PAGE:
"The bass section on both instruments sounded full, round, and complete. I felt that the tone was excellent all the way down to C4 on the Young Chang, and down to B3 on the Weber. Perhaps the lowest two or three notes didn't sound all that great, but isn't that most often the case, even with longer grands? The actions on both pianos felt even and extremely controllable, and I had no trouble playing any kind of music, including some Bach inventions played at a fast clip. Both instruments also had admirable sustain properties across their entire range, and if I had any criticism at all about tonal balance, it might be that I had to work a bit harder to get the treble to ‘sing' melodies above the volume of the midrange and bass. Yet this is also a bit of a compliment, in that the bass and tenor sections are capable of putting out serious amounts of tone, volume, and sustain. However, this is where the similarities between these two pianos ended.
"Scale design involves the engineering of certain specifications for the plate, bridges, and strings, and the Y150 and W150 share the same specs for their plates and bridges. However, their string-tension properties were engineered differently; thicker plain-wire diameters were incorporated into the Young Chang's stringing scale, resulting in higher tension for that model. This difference, along with the use of contrasting styles of hammers, has resulted in two unique-sounding pianos that I found fascinating to compare. The Young Chang's tone seemed lighter, brighter, and possibly a little thinner, yet pleasant and certainly musical. The Weber had a much darker and ‘bloomier' sound that I found quite appealing, and I felt like I could extract more shades of color within a slightly larger dynamic range. I also felt that the treble in the Weber held its own against the bass/midrange a little better than it did in the Young Chang, especially when playing melodies against left-hand accompaniment. But, as piano tone is very subjective, I urge the reader to try both instruments; some pianists might well prefer the brighter sound of the Young Chang."
Next for Carney were three Chinese-made models by Pearl River and one by Hailun:
"I didn't care much for the 4' 7" Pearl River GP-142, due to its thin sound, noticeable break, and an action that felt strange (I suspect short keys as the culprit), but the 4' 11" Pearl River GP-150 was basically the opposite: an excellent action, combined with an appealing tone that was especially effective in the treble section from middle C up. The overall quality of the bass sound was slightly less impressive than what I'd heard from the Young Chang and Weber, with clear-pitched bass notes beginning only at D6. I also felt that the break between bass and tenor was not as refined as on the Young Chang and Weber. Still, I was attracted to this model's sound and playability, and found the balance between registers to be possibly more evenly matched than on any of the other instruments. Another notable feature of the Pearl River GP-150 is the presence of both front and rear duplex scales from C#53 up, which may contribute to the nice qualities of the treble sound in this piano.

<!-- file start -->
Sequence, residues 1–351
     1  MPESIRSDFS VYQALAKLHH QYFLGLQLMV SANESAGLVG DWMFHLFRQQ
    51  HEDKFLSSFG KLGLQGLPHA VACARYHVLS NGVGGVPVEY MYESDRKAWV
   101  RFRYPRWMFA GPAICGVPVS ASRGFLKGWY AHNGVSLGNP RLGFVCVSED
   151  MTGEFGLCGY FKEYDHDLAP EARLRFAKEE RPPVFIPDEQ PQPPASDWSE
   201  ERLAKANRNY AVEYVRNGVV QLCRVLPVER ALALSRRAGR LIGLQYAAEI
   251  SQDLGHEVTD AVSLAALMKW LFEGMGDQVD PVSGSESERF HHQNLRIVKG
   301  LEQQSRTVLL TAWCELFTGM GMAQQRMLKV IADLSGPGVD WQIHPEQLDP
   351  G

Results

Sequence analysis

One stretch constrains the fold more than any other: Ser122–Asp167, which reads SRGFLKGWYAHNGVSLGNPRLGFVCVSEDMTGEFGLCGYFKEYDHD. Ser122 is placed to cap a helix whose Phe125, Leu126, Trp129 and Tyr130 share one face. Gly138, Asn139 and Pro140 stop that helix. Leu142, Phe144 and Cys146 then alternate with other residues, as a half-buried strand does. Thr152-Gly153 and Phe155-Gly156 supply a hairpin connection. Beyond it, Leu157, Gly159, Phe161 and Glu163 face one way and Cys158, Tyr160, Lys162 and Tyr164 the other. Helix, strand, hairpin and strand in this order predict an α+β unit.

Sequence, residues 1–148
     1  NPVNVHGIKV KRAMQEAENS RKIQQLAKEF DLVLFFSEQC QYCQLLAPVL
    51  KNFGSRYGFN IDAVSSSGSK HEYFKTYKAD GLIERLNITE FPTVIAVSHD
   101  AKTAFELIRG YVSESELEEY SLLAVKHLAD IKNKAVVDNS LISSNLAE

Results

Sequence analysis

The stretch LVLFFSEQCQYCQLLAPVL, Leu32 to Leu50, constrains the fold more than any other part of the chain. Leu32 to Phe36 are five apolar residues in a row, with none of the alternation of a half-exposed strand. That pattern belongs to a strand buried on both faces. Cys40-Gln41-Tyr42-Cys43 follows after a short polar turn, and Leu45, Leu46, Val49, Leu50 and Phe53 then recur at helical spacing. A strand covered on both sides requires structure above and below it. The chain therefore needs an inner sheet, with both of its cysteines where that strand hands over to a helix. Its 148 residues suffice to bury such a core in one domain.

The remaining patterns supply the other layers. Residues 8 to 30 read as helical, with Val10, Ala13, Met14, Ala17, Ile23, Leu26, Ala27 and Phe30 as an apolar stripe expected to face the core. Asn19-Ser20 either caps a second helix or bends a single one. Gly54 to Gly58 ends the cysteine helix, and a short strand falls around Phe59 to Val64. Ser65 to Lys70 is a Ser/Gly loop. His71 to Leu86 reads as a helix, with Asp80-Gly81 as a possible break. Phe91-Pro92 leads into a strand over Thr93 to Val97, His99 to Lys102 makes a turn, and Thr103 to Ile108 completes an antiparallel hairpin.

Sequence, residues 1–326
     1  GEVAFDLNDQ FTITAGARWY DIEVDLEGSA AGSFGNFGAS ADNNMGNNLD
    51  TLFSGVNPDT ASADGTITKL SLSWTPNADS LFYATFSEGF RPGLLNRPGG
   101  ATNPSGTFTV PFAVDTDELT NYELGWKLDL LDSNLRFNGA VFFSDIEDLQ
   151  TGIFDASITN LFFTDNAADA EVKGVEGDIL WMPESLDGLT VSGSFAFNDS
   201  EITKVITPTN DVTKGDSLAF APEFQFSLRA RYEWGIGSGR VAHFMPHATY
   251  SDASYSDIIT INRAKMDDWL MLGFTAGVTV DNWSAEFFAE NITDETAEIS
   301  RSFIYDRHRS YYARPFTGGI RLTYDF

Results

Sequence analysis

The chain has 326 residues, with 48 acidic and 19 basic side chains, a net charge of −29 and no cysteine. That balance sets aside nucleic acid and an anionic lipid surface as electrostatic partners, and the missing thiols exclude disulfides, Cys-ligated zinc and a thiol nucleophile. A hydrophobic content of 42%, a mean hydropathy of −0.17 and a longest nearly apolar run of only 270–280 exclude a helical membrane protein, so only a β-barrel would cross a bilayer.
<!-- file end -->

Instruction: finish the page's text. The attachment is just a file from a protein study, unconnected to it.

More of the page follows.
"Pearl River also makes pianos under the Ritmüller label, the company's upper-level brand, whose models were recently redesigned by renowned German piano designer Lothar Thomma. I tested the 4' 10" Ritmüller GH-148R, which I found lovely overall. The keyboard and action on this piano, complete with real ebony-wood sharps, was my favorite of all the instruments I played, with a refined feel and excellent controllability. The top three octaves of the GH-148R have a front and rear duplex scale, and the workmanship of the plate finishing, bridges, tuning pins, and stringing resembles that found on much more expensive instruments. The very high quality of the bass tone extended all the way down to note A1, a trait I rarely encounter on pianos of any length. The amount of fundamental tone present in the lowest bass notes was really surprising and admirable, although the overall bass sound throughout the entire range of wrapped strings was just slightly less impressive than that found on the Weber and Young Chang. The break on the Ritmüller was also perhaps a bit more noticeable than on those two pianos, but this comparison shows just how difficult it is to get everything perfect in a single instrument. I really loved the way this piano sounded and performed; it was easy to forget that I was playing a short grand.